Use by Native Americans
The Cherokee utilize the plant as a pain relieving, putting an imbuement of leaves on scratches made over area of the pain.[28] They likewise rub the bristly edges of ten to twelve leaves over the skin for stiffness, pound the passes on to rub brier scratches, utilize a mixture as a wash “to dispose of irritations”, utilize a compound as a liniment, rub leaf overflow into the scratched skin of competitors to forestall spasms, and utilize a leaf balm for recuperating. They additionally utilize the wood for carving.[29]

The Hudson Bay Cree utilize a decoction of the leaves for the runs, however believe the plant to be poisonous.[30]

^ Stritch, L. (2018). “Kalmia latifolia”. IUCN Red List of Threatened Species. 2018: e.T62002834A62002836. doi:10.2305/IUCN.UK.2018-1.RLTS.T62002834A62002836.en. Retrieved 19 November 2021.
^ “NatureServe Explorer 2.0 – Kalmia latifolia”. Retrieved 4 May 2020.
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a b c “Kalmia latifolia”. Germplasm Resources Information Network (GRIN). Agricultural Research Service (ARS), United States Department of Agriculture (USDA). Retrieved 12 December 2017.
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a b Keeler, Harriet L. (1900). Our Native Trees and How to Identify Them. New York: Charles Scribner’s Sons. pp. 186–189.
^ The Natural Communities of Virginia Classification of Ecological Community Groups (Version 2.3), Virginia Department of Conservation and Recreation, 2010 Archived 2009-01-15 at the Wayback Machine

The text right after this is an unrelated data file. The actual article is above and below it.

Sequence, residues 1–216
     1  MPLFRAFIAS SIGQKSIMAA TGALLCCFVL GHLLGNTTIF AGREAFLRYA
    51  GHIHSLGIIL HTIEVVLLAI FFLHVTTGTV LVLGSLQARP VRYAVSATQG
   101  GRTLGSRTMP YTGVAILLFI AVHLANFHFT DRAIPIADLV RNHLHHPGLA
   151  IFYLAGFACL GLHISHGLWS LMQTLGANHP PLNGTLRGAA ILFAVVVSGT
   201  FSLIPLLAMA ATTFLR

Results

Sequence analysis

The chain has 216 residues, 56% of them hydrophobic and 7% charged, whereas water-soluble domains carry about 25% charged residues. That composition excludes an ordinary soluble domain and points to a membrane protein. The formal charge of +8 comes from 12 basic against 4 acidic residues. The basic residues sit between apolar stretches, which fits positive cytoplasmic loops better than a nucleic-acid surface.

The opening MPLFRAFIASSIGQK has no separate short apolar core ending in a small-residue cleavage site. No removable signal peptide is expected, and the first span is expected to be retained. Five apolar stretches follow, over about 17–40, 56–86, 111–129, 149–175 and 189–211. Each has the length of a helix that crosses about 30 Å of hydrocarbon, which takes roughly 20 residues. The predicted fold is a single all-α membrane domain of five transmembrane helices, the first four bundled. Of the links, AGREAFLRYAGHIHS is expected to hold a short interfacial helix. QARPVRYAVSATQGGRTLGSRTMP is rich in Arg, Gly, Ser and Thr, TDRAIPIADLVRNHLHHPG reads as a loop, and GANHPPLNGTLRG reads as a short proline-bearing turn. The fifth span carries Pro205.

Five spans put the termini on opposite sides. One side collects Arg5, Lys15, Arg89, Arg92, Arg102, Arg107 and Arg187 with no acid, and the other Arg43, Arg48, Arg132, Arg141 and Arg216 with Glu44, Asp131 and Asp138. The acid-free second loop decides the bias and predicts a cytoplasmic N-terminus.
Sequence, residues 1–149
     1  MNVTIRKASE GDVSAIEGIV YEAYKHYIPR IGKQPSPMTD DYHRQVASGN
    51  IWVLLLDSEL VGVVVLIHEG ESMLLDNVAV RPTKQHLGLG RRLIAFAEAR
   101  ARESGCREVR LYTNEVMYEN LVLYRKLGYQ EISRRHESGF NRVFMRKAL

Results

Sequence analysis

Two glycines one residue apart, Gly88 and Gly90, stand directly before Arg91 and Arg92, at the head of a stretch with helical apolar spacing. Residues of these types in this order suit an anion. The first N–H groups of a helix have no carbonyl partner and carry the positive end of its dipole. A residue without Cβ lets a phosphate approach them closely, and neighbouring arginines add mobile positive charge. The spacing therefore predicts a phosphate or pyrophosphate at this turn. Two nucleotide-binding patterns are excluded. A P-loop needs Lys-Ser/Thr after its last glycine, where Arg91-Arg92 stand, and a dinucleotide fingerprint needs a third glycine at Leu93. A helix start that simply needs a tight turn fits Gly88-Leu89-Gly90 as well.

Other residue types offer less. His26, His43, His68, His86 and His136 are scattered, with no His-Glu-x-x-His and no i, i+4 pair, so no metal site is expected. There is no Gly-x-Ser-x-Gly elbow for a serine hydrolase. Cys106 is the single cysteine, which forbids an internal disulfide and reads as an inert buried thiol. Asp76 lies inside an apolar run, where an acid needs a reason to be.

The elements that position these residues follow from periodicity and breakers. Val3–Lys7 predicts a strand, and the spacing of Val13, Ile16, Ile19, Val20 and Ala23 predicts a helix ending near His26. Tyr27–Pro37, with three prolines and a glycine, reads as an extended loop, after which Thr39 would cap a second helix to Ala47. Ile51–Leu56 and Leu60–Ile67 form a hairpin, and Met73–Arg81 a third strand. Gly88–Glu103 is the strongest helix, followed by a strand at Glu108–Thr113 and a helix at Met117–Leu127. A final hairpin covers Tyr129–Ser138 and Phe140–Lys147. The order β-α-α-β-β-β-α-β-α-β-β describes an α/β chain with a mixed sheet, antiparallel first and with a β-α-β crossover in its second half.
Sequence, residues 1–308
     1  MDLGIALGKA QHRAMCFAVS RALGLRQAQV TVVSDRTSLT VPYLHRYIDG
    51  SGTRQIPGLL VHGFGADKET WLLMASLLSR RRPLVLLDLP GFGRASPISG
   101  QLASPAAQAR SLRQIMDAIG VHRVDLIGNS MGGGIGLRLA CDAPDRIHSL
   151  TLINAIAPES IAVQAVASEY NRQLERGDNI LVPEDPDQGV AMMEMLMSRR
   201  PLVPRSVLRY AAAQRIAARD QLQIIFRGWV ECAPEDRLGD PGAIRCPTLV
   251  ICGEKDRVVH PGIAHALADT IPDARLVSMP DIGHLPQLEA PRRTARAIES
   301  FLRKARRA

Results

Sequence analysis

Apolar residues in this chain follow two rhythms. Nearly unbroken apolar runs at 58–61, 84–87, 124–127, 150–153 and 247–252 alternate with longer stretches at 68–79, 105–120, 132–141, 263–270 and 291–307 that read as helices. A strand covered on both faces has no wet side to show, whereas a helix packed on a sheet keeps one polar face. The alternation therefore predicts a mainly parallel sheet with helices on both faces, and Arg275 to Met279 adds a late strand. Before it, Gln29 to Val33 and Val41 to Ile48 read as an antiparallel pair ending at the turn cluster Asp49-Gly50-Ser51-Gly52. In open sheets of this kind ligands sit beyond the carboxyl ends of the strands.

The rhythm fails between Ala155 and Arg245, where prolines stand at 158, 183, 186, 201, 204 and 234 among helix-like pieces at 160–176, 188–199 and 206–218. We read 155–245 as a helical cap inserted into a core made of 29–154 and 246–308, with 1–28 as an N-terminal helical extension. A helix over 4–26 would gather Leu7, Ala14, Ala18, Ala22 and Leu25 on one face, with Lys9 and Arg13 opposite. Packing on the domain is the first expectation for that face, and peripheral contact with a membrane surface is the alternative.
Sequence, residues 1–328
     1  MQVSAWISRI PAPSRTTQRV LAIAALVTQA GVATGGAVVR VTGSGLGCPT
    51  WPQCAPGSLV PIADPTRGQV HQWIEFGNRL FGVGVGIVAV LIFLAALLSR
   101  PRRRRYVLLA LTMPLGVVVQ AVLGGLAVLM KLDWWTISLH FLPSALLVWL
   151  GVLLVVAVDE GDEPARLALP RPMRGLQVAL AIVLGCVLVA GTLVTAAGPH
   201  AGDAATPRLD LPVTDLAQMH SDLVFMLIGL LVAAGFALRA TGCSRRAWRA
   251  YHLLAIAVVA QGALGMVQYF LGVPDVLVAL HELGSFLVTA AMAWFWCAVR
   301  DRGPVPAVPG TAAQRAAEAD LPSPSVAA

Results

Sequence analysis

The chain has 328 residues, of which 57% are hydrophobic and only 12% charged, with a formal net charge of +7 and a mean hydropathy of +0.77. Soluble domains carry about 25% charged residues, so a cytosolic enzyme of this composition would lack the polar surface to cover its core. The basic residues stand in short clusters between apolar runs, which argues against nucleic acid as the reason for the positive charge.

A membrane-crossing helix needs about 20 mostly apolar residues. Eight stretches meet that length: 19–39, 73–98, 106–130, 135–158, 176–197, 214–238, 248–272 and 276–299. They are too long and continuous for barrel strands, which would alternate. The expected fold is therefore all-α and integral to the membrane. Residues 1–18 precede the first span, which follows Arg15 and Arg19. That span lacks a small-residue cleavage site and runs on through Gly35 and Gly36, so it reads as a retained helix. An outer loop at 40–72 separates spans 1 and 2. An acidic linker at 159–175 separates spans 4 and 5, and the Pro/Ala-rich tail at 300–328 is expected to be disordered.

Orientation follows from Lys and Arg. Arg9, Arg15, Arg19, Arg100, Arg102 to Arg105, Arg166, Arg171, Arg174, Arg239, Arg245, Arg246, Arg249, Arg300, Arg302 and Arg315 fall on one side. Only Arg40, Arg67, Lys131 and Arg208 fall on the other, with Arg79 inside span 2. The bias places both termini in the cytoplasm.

^ Schafale, M. P. and A. S. Weakley. 1990. Classification of the natural communities of North Carolina: third approximation. North Carolina Natural Heritage Program, North Carolina Division of Parks and Recreation.
^ National Park Service
^ McNabb, W. Henry. “Kalmia latifolia L.” (PDF). United States Forest Service. United States Department of Agriculture. Retrieved 27 April 2015.
^ Nimmo, John R.; Hermann, Paula M.; Kirkham, M. B.; Landa, Edward R. (2014). “Pollen Dispersal by Catapult: Experiments of Lyman J. Briggs on the Flower of Mountain Laurel”. Physics in Perspective. 16 (3): 383. Bibcode:2014PhP….16..371N. doi:10.1007/s00016-014-0141-9. S2CID 121070863.
^ Nimmo, John R.; Hermann, Paula M.; Kirkham, M. B.; Landa, Edward R. (2014). “Pollen Dispersal by Catapult: Experiments of Lyman J. Briggs on the Flower of Mountain Laurel”. Physics in Perspective. 16 (3): 371–389. Bibcode:2014PhP….16..371N. doi:10.1007/s00016-014-0141-9. S2CID 121070863.
^ Morrissey, Laurie D. “Mountain Laurel”. Center for Northern Woodlands Education. Retrieved 16 June 2018.
^ “Kalmia latifolia”. Missouri Botanical Garden. Retrieved 16 June 2018.
^ Harrison, Lorraine (2012). RHS Latin for Gardeners. United Kingdom: Mitchell Beazley. ISBN 978-1845337315.